GoPro Hero 5 review: Size doesn’t matter

GoPro Hero 5 review: Size doesn’t matter

GoPro’s latest action cam finally brings 4K video to its entry-level Session range. It’s significantly smaller and lighter than the current reigning action camera champion and its brother, the GoPro Hero 5 Black.

Weighing just 74g and covering a 38 x 38mm footprint, it’s a tad larger than last year’s Session, but bar the change in chassis colour it’s essentially the same cube we’re already familiar with.  

It’s still got the monochrome display on top next to the record button, as well as a button for switching shooting modes at the back. Just like last year, the Hero 5 Session is also waterproof up to a depth of 10m, doing away with the need for a waterproof case. Once, this was the feature that made it stand out from its Hero siblings, but now the Hero 5 Black has proper waterproofing, too, it no longer feels quite so special.

There’s also no microSD card in the box, so you’ll have to provide one yourself. It supports up to 128GB cards, so you’ll have to fork out another £20 or so if you haven’t got one already. One thing you do get is a helmet mount. This is simple and easy enough to attach to helmets and the like and should give the camera a little-added protection from bumps and drops.

Another trait the Hero 5 Session brings forward is its non-removable 1,000mAh battery. This means you won’t be able to carry around spares for quick swaps while you’re out and about, unlike the Black, but when you can get a full charge in just over an hour via the supplied USB-C cable, at least it won’t take long to keep it topped up. Considering you’re not always going to find a plug socket so easily outdoors, you could always keep it connected to a battery pack for charging on the go.

GoPro Hero 5 Session review: Image and video quality

As with all GoPro’s cameras, its one-touch controls make the Hero 5 Session very easy to use. Simply press the shutter button on the top and you’ll power it on in just a couple of seconds and start recording. Press it again and it’ll save the footage and turn the camera off. You can cycle through video/photo modes on the fly with just a push of the mode button at the back, and you can see which settings you’ve applied along with battery information and storage info on the LCD display.

 However, unlike the Hero 5 Black, the Session doesn’t come with a helpful touchscreen, so you won’t be able to dig deep into the nitty gritty settings unless you open up GoPro’s Capture app on your phone. I didn’t realise how much I’d miss the Black’s touch display, even if it was a little finicky from time to time, with the convenience of never needlessly draining your smartphone battery making everything so much easier. The app is easy enough to use, and is far more responsive than the sluggish touchscreen of the Black. Here, you can adjust the field of view, video quality, ISO and exposure levels. You can also make simple edits via Quik, splicing together footage with just a few taps.

The biggest addition to the Hero 5 Session, however, is that it can now capture 4K video. Footage is limited to 30fps, unlike the Black’s 60fps but video quality was top notch. I was impressed with how sharp and detailed my test footage looked, and it offers a significant step up from last year’s Session. Video is recorded at a higher 60MB/s bitrate, a bump up from 25MB/s, which makes a massive difference to its overall quality.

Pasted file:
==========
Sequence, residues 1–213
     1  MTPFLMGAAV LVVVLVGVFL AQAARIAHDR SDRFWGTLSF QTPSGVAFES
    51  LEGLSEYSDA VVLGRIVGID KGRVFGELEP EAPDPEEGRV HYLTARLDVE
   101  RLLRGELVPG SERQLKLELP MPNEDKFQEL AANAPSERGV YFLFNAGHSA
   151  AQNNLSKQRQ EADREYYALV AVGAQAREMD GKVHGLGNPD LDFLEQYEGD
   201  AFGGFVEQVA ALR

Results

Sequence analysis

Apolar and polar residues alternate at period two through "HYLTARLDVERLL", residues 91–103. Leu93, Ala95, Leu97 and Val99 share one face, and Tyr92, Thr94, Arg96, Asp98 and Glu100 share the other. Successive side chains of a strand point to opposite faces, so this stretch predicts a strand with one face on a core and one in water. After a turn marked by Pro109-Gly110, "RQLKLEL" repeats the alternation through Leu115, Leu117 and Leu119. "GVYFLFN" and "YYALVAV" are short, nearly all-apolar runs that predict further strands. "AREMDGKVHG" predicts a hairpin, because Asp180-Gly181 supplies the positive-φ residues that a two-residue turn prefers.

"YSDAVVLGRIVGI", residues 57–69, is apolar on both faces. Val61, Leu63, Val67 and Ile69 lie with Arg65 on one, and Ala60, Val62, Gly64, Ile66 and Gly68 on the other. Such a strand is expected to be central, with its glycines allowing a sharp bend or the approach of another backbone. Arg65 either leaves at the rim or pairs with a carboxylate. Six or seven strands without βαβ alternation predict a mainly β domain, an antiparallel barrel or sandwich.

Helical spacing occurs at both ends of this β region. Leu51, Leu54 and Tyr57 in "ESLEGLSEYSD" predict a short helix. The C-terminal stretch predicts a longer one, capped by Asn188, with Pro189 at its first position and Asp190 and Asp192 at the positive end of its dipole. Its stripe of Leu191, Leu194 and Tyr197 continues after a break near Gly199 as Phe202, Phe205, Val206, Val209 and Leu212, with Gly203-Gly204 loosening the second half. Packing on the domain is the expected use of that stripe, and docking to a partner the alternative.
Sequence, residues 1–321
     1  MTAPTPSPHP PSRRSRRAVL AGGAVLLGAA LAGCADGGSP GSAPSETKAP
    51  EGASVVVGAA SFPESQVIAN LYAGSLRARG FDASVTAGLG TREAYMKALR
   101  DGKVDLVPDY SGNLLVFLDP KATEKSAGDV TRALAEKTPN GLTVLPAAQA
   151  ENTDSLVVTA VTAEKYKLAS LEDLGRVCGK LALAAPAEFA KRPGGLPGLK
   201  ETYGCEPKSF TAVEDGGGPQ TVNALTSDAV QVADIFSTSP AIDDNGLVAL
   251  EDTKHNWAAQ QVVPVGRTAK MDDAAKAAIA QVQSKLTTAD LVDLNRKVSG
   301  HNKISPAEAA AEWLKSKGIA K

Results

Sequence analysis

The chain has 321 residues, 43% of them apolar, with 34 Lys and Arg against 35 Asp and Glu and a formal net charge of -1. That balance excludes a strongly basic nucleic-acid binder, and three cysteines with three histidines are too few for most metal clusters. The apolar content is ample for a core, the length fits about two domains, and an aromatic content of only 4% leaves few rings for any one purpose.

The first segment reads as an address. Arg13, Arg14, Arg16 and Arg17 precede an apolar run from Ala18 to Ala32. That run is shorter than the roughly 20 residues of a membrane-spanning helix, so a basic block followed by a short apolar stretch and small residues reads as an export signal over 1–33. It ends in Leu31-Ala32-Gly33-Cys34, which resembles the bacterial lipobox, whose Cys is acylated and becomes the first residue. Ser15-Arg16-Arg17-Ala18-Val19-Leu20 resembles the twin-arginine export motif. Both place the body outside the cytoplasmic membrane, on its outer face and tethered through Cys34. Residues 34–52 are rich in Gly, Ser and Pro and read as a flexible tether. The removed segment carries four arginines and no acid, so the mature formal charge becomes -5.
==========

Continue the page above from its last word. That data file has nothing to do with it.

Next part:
Higher framerates are available at lower resolutions, going up to a maximum of 120fps at 720p. Some of the framerate and resolution pairings are a little limited compared to its pricier counterpart, with 1,440p only hitting a max 60fps rather than 80fps for instance, but there’s still plenty to keep you satisfied on your adventures.

Like the Hero 5 Black, the Session’s colour saturation is just a touch cold for my tastes even if I was thwarted by the gloomy British weather and could only record while it was overcast. It’s not such a good performer in low-light, with noise issues being far more commonplace than footage taken with plenty of natural light, with colours looking a tad muted. The good news is that its dual microphone is now much louder and clearer than its predecessor thanks to its improved wind noise reduction, so at least it’s able to pick up plenty of sound.

You can take stills with the 10-megapixel camera, but this isn’t the Hero 5 Session’s strong suit. Colours are vibrant enough, but are noticeably lacking in detail. Several shots were also quite under-exposed, especially when I put them side-by-side with the shots I’d taken with the Hero 5 Black. There’s little chance of rescuing unusable shots taken with the Session as well, as it lacks the RAW export of its Black sibling. 

One thing the Session does have in its favour is its overall battery life. Taking it out and about on my commute, I reached roughly 1hr and 40mins of stop/start footage, with the battery only just dipping below 40%. Put that side-by-side with the Hero 5 Black’s 1hr 45mins total, and you’re looking at a noticeable improvement. Expect almost 2 hours of solid recording time, storage space permitting.

GoPro Hero 5 Session review: Verdict

GoPro’s Hero 5 Session might not have all the fancy features of its action camera rivals, but that doesn’t mean this isn’t still a great piece of kit. Aside from a couple of niggles, most notably with its still image quality, the Session is a bare bones action camera that does the job well.

It’s not quite as well-rounded as GoPro’s Hero 5 Black, but if you’re a little strapped for cash, this is still a great buy. However, if you’re not too fussed about 4K video quality and a new microphone, you can pick up a Hero 4 Session for just £149. This’ll give you everything you need to get started for £100 less, so long as you’re willing to sacrifice on a few nice little extras.

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